Showing posts with label The Arts at Trinity. Show all posts
Showing posts with label The Arts at Trinity. Show all posts

Wednesday, October 27, 2021

Serafin Ensemble Opens Trinity's Concert Season, Welcomes New Member

The Arts at Trinity proudly welcomes Serafin Ensemble to open its 10th Anniversary Season. Fresh from their season opening performances in October, the Serafins are honored to launch Trinity Episcopal Church’s performance season with a concert on Sunday, November 14, at 4:00pm. The performance is free of charge and open to the community. Donations are welcome.

Serafin Ensemble member, violist Amadi Azikiwe. Photo by Andre Lamar.
Featured in this concert are returning Serafin favorites: violinists Hal Grossman (in town from Oregon) and Kate Ransom; South African cellist (now residing in Baltimore) Jacques-Pierre Malan; and Wilmington’s own countertenor, Augustine Mercante. Also performing will be the newest Serafin roster artist, violist Amadi Azikiwe (in from New York City); and, new to Wilmington, harpsichordist Gabriel Benton who will join the Serafins for selections from the Baroque era by Georg Frideric Handel.
 
The other repertoire includes Little Suite for Autumn for Violin and Viola by Peter Schickele; Beethoven’s String Quartet in Eb Major, Op. 74 (Harp); and Terzetto for Two Violins and Viola in C Major, Op. 74 by Dvorak.
 
“We are thrilled to welcome Amadi Azikiwe to the Serafin roster this fall,” says artistic director, Kate Ransom. “He is a remarkable artist and an experienced chamber musician. His perspectives and approach to interpretation and collaboration have been inspiring for us to incorporate.”
 
Violist, Amadi Azikiwe has performed as a guest with the ensemble in past seasons and is participating in Serafin performances this fall throughout Delaware. He will also join Serafin Summer Music in June 2022. Azikiwe is a busy collaborative artist, in high demand for performances. He is a violist, violinist, and conductor who has performed throughout the United States, Israel, Canada, South and Central America, Switzerland, India, Japan, Nigeria, Hong Kong, and the Caribbean.
 
“We are also delighted that Gabriel Benton joins us for this performance,” Ransom added. “The harpsichord is essential to do justice to the works of Handel, and his expert playing in this collaboration with strings in supporting the gorgeous countertenor artistry of Augustine Mercante is exceedingly wonderful!”
 
“At Trinity, we can’t imagine a better way to open our 10th anniversary season than with the Serafins,” said Trinity’s rector, Patricia Downing. “They helped us launch the first season and have been a mainstay and audience-pleaser since the beginning. We welcome the community to The Arts at Trinity this fall.”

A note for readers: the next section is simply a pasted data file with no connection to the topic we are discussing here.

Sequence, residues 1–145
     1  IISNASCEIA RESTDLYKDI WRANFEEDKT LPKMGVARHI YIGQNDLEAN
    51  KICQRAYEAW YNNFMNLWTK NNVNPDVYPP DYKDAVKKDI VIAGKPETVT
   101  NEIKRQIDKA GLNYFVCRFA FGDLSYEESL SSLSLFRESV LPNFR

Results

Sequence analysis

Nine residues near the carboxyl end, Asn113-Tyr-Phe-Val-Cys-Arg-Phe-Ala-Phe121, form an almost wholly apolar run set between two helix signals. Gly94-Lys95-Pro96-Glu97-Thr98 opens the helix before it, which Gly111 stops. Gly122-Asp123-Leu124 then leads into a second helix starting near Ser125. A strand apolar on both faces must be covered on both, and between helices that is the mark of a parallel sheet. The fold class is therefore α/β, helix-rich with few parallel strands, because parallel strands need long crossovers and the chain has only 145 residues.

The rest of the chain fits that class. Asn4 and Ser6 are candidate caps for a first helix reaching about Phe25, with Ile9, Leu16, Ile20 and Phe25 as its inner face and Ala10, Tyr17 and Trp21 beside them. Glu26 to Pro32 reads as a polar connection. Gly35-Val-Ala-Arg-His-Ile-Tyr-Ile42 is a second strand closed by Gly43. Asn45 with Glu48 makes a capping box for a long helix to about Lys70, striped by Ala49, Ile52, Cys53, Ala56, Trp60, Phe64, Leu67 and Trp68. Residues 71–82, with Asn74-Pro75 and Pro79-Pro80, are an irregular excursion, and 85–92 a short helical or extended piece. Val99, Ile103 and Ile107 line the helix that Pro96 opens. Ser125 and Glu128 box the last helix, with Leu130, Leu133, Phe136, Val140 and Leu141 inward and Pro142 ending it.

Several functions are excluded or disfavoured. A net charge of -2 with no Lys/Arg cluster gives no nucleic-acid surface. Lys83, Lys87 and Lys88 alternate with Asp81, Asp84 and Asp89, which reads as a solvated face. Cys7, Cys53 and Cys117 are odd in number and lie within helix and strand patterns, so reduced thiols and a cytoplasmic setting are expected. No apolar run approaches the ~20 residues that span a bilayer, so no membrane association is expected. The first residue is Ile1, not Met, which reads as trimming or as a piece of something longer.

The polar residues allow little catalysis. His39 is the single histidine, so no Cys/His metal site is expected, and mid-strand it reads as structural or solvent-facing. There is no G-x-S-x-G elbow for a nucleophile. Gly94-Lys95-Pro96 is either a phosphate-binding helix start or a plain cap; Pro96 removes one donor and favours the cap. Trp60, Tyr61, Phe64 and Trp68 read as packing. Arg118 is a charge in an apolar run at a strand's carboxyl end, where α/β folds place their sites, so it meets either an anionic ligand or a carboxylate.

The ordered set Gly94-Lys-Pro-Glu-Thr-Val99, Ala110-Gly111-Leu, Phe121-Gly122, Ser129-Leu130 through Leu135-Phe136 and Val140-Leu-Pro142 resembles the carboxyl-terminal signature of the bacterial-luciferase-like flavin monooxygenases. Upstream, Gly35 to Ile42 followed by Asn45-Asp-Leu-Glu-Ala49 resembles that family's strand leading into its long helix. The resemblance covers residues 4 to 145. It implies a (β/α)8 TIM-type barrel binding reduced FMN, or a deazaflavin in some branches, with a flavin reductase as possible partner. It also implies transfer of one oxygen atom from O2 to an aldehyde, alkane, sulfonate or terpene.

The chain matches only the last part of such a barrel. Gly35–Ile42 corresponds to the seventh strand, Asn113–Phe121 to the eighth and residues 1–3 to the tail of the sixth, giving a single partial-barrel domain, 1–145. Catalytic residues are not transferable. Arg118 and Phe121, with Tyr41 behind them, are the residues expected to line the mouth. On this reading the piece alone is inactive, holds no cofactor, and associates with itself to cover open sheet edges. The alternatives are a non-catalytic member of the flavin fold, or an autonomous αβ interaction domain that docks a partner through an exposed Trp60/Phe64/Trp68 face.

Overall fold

About Serafin Ensemble
Serafin Ensemble, “The Serafins,” is a group of internationally acclaimed performing artists (string, wind, piano and vocalists) devoted to collaborative chamber music performances of repertoire for up to eight players. The ensemble evolved from the former Serafin String Quartet and continues the nearly two-decade-long Serafin legacy of passionate commitment to presenting exceptional performances of small ensemble repertoire. 

Serafin Ensemble roster artists are devoted to collaborative chamber music performance as an important aspect of their professional lives. They are bound together by mutual respect and camaraderie, and a shared passion for small ensemble repertoire and the collaborative process. The goal of the ensemble is to prepare and share with audiences, performances of great masterworks and lesser-known works for an unconducted ensemble of two to eight players. Occasionally, larger works or solo works are also included in the programming. 

Serafin Ensemble takes its name from master violin maker, Sanctus Serafin, who in 1728 crafted the violin currently played by Serafin founder and Artistic Director, Kate Ransom. Learn more at www.serafinensemble.org

Thursday, April 11, 2019

Remembering Victims of Gun Violence Through Moving Spirituals Performance

By Christine Facciolo

Countertenor Augstine (Gus) Mercante offered some perspectives on his long — and sometimes complicated — relationship with the African American spiritual in the program notes of his March 31 concert, There's a Man Going 'Round: Remembering Victims of Gun Violence, as part of The Arts at Trinity series at Trinity Episcopal Church in Wilmington.